Captive Solar Energy Generator’s Plea to Reconsider Banking Regulations Rejected

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The Rajasthan Electricity Regulatory Commission (RERC) recently ruled that a captive renewable energy project must fulfill all the terms and conditions of banking, including entering into wheeling and banking agreement with the distribution licensee, to avail banking facility.

The request to consider all energy for banking, even though it has not been injected into the grid, as it was beyond the provisions of RERC (Terms and Conditions for Tariff Determination from Renewable Energy Sources) Regulations, 2020.

Shree Cement had filed a petition to remove difficulties under the RERC renewable energy tariff regulations, 2020 related to banking.

Background

Shree Cements intends to install a co-located captive solar project at its Jobner unit in Rajasthan and has a contract demand of 9 MVA.

It submitted that banking was permissible for a captive co-located solar power project with a capacity equivalent to 100% of the contracted demand. But Jaipur Vidyut Vitran Nigam (JVVNL)  was not extending the banking facility to the project as captive solar projects located behind the meter were not entitled to it.

According to JVVNL, the petitioner’s captive generating project would not be directly connected to the grid and would be supplying generated electricity to the cement plant.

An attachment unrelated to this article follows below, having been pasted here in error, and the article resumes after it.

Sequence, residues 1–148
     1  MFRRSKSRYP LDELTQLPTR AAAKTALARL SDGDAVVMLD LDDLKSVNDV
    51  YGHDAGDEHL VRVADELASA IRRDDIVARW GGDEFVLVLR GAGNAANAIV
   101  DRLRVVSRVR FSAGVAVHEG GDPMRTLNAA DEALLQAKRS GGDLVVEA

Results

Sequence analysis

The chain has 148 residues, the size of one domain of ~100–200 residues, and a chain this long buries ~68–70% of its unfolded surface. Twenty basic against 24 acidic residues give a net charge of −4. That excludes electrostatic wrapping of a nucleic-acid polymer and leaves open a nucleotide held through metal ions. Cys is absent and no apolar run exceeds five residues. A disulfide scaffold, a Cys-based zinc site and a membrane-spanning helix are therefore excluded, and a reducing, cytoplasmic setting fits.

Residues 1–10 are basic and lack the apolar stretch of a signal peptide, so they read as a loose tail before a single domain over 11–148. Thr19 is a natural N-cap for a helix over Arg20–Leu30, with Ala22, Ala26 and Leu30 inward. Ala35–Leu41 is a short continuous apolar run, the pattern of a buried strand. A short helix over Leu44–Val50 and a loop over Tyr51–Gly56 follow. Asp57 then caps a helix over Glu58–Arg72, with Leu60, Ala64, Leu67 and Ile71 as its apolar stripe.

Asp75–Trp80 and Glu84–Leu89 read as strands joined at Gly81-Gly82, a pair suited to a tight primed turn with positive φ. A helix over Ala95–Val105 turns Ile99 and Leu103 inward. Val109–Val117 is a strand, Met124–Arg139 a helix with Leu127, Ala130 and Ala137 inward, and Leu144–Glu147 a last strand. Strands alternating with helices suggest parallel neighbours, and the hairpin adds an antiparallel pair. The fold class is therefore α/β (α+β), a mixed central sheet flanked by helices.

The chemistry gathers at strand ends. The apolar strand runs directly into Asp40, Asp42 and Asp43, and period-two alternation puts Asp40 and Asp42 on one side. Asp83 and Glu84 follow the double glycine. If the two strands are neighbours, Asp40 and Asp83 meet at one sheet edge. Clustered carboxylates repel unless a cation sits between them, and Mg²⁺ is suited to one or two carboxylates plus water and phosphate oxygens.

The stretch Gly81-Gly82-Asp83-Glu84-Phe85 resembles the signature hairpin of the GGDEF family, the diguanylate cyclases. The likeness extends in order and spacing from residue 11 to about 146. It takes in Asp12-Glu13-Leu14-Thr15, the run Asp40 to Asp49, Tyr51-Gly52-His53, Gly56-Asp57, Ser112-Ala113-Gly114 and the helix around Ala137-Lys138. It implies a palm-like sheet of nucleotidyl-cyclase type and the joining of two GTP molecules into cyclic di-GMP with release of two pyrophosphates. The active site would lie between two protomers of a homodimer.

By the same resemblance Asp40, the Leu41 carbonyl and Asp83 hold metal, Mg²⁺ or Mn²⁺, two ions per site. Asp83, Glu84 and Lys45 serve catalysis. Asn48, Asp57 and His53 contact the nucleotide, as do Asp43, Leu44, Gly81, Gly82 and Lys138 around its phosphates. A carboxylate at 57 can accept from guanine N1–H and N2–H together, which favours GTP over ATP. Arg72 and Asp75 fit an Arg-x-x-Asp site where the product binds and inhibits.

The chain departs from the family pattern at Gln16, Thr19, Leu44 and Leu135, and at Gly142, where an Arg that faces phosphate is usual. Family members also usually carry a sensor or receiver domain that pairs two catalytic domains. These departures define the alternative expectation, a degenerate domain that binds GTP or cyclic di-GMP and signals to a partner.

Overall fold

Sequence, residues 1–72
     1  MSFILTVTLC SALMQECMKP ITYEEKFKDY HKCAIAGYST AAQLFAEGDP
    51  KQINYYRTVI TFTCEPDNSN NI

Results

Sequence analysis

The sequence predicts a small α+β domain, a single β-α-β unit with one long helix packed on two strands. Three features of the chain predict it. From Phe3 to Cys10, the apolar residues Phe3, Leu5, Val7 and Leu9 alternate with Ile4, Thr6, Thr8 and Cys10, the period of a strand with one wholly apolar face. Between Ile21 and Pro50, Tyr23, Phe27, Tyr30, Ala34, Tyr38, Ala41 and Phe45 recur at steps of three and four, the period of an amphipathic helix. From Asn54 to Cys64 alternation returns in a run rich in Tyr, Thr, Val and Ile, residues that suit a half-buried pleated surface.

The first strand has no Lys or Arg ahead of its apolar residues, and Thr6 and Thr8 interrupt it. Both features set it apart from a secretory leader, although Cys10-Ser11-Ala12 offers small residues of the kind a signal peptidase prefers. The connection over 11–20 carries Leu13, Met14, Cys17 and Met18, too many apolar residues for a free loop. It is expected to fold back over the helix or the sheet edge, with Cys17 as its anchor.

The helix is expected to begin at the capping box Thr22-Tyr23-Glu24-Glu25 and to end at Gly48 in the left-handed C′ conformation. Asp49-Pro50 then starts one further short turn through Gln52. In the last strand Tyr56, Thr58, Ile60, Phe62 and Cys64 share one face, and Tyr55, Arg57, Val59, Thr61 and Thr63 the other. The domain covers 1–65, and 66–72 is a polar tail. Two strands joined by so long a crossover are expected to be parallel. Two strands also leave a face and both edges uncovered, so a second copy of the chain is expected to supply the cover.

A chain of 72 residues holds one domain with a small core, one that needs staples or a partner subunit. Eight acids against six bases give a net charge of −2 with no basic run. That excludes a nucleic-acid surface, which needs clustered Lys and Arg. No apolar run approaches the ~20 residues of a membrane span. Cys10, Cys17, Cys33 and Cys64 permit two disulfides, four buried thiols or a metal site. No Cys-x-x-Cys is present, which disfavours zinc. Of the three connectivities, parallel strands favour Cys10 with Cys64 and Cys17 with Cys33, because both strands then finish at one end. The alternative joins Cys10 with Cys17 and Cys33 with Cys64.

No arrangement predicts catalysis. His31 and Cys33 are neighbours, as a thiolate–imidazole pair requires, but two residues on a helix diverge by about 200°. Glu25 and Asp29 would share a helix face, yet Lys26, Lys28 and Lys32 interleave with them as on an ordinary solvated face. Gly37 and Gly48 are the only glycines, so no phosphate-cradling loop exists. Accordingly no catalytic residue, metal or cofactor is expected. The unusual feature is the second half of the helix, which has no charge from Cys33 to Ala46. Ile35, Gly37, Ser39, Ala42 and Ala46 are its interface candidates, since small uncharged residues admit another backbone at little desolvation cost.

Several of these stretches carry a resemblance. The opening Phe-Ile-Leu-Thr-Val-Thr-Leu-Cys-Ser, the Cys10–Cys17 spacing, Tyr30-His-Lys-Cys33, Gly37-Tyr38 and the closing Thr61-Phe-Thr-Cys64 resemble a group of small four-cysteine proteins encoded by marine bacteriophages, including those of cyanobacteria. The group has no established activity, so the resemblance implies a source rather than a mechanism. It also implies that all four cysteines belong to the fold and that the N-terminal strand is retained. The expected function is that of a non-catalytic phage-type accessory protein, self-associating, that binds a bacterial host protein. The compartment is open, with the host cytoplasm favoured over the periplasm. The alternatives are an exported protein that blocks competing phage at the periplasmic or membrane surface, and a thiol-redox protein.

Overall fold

The distribution company (DISCOM) added that the petitioner could not feed power into the system if the project was more than 1 MW without open access. Therefore, when the generator was not going for open access, it could not claim any relief for clarification in the renewable energy regulations.

The DISCOM argued that the regulations intended that a captive renewable energy project, either located outside or co-located, would have to feed the entire energy to the system. Such a consumer will have to enter into a wheeling and banking agreement. Seeking a new form of feeding energy into the grid by removing difficulties was nothing but an abuse of the process of law.

Commission’s analysis

The Commission observed that the project being co-located and installed behind the meter was covered under renewable energy regulations.

The state regulator noted that as per the conditions laid down under the banking provisions, no banking facility could be allowed for renewable energy projects supplying power to a third party under open access and for consumption from projects installed behind the meter without any bi-directional meter in the same premises.

Mercom’s India Solar Open Access Market report covers detailed analysis and data on the market and banking regulations.

Per the provisions of the renewable energy regulations, captive projects must enter into a wheeling and banking agreement with the distribution licensee.

The regulator observed that a captive renewable energy project, whether co-located behind the meter or otherwise, and intending to avail the banking facility must fulfill all the terms and conditions of banking specified in the wheeling and banking agreement with the distribution licensee.

Rajasthan allows annual energy settlement for captive and third-party open access projects. The banked energy cannot be drawn during peak hours. The banking charge for energy settlement is 10% of the overall banked energy.

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